The 2021 rebalance also reflects the benefits of a rule-based, dividend-weighted methodology in developed equity markets. Because of the emphasis on dividends, these Indexes tend to follow a traditional value investing framework, and the portfolios’ fundamentals illustrate that.

In most cases, the dividend yield increased in the Indexes after the rebalance, which is especially advantageous for investors in a market environment characterized by historically low interest rates and tight credit spreads. 

More important, however, is the valuation profile of each Index after the rebalance. In each of the four, valuations were reduced considerably across key ratios, such as price-to-earnings, price-to-book, price-to-sales and price-to-cash flow, all while generally maintaining their pre-rebalance dividend yields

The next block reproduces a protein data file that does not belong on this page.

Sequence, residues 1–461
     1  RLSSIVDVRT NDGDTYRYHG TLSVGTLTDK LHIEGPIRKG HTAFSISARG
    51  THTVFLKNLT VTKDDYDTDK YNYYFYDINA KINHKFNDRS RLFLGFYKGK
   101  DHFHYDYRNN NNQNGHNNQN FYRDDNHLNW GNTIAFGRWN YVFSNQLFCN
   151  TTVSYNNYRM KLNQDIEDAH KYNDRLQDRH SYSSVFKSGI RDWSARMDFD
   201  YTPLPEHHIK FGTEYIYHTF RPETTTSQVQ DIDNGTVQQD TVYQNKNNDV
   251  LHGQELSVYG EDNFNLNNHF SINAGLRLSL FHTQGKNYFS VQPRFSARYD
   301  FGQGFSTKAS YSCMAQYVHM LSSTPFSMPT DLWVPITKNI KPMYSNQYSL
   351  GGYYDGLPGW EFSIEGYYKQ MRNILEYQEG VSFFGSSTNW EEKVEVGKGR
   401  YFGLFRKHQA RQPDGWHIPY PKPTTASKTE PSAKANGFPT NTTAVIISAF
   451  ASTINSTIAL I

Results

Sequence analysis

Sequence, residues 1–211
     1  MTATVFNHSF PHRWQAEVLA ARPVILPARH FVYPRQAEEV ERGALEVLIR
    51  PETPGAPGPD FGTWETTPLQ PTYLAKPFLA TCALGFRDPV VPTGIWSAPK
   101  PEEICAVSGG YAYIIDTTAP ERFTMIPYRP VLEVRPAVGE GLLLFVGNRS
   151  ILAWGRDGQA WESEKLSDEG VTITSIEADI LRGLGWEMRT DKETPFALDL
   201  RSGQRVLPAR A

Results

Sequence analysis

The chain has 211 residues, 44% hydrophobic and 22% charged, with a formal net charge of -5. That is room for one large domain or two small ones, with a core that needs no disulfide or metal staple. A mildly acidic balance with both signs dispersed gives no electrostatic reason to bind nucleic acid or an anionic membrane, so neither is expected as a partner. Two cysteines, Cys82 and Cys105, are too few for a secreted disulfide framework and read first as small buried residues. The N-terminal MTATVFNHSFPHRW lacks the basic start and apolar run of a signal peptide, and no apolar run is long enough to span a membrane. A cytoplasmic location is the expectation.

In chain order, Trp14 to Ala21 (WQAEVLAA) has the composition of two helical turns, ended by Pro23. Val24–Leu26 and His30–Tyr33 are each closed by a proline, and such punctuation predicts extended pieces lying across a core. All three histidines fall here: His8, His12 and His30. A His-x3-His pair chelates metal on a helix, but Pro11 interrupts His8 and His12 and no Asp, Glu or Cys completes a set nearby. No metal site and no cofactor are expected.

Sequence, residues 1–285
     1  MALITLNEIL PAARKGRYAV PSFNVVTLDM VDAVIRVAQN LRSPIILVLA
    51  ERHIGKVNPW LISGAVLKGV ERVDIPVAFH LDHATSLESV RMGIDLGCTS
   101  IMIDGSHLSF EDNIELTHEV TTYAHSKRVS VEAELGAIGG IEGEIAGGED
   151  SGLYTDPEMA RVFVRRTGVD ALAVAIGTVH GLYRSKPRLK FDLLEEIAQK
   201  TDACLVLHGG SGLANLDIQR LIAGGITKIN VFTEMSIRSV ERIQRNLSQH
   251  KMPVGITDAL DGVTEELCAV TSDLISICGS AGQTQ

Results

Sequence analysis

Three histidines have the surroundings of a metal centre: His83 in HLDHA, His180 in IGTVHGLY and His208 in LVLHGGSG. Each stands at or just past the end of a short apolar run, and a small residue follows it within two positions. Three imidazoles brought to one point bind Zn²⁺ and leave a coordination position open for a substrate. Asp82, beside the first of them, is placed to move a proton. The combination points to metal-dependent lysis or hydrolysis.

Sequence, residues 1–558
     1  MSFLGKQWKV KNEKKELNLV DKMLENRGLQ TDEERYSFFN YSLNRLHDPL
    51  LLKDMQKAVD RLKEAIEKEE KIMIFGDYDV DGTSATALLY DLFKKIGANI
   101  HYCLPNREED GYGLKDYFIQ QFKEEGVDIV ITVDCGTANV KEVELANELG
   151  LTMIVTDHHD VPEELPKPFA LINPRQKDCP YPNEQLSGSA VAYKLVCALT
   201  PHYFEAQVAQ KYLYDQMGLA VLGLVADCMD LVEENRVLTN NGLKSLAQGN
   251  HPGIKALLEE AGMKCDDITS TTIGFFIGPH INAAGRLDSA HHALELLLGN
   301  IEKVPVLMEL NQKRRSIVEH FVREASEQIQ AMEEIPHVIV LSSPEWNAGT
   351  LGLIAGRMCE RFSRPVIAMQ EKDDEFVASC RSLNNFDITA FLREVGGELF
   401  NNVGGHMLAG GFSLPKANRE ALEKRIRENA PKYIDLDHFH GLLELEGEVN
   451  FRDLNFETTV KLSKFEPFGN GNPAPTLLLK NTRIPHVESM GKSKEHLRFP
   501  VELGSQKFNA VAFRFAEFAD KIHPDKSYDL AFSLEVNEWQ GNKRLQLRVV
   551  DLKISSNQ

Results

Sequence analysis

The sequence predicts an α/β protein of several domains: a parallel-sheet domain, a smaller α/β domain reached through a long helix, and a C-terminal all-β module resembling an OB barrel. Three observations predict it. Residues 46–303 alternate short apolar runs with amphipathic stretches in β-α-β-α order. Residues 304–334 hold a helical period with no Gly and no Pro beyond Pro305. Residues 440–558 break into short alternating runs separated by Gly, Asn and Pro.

This signals to us that the reduced valuations do not indicate a particular risk to company dividends, which is the ethos of their methodologies. Likewise, they indicate that there are still compelling opportunities in developed equity markets despite their gains over the last 12 months.

Figure 5_fundamental comparison 


Overall, the 2021 rebalance for our developed market dividend Indexes represents the current state of the international dividend environment. While much has changed since the onset of the COVID-19 pandemic early in 2020, this year’s reconstitution represents another step toward a true “return to normal” in international equity markets. We believe the Index methodologies once again give credence to the benefits of a rules-based, dividend-focused approach to international investing, and prove that there have been compelling fundamental, sector and country opportunities when utilizing this approach in a portfolio. For investors interested in this methodology, we encourage you to consider the following WisdomTree Funds: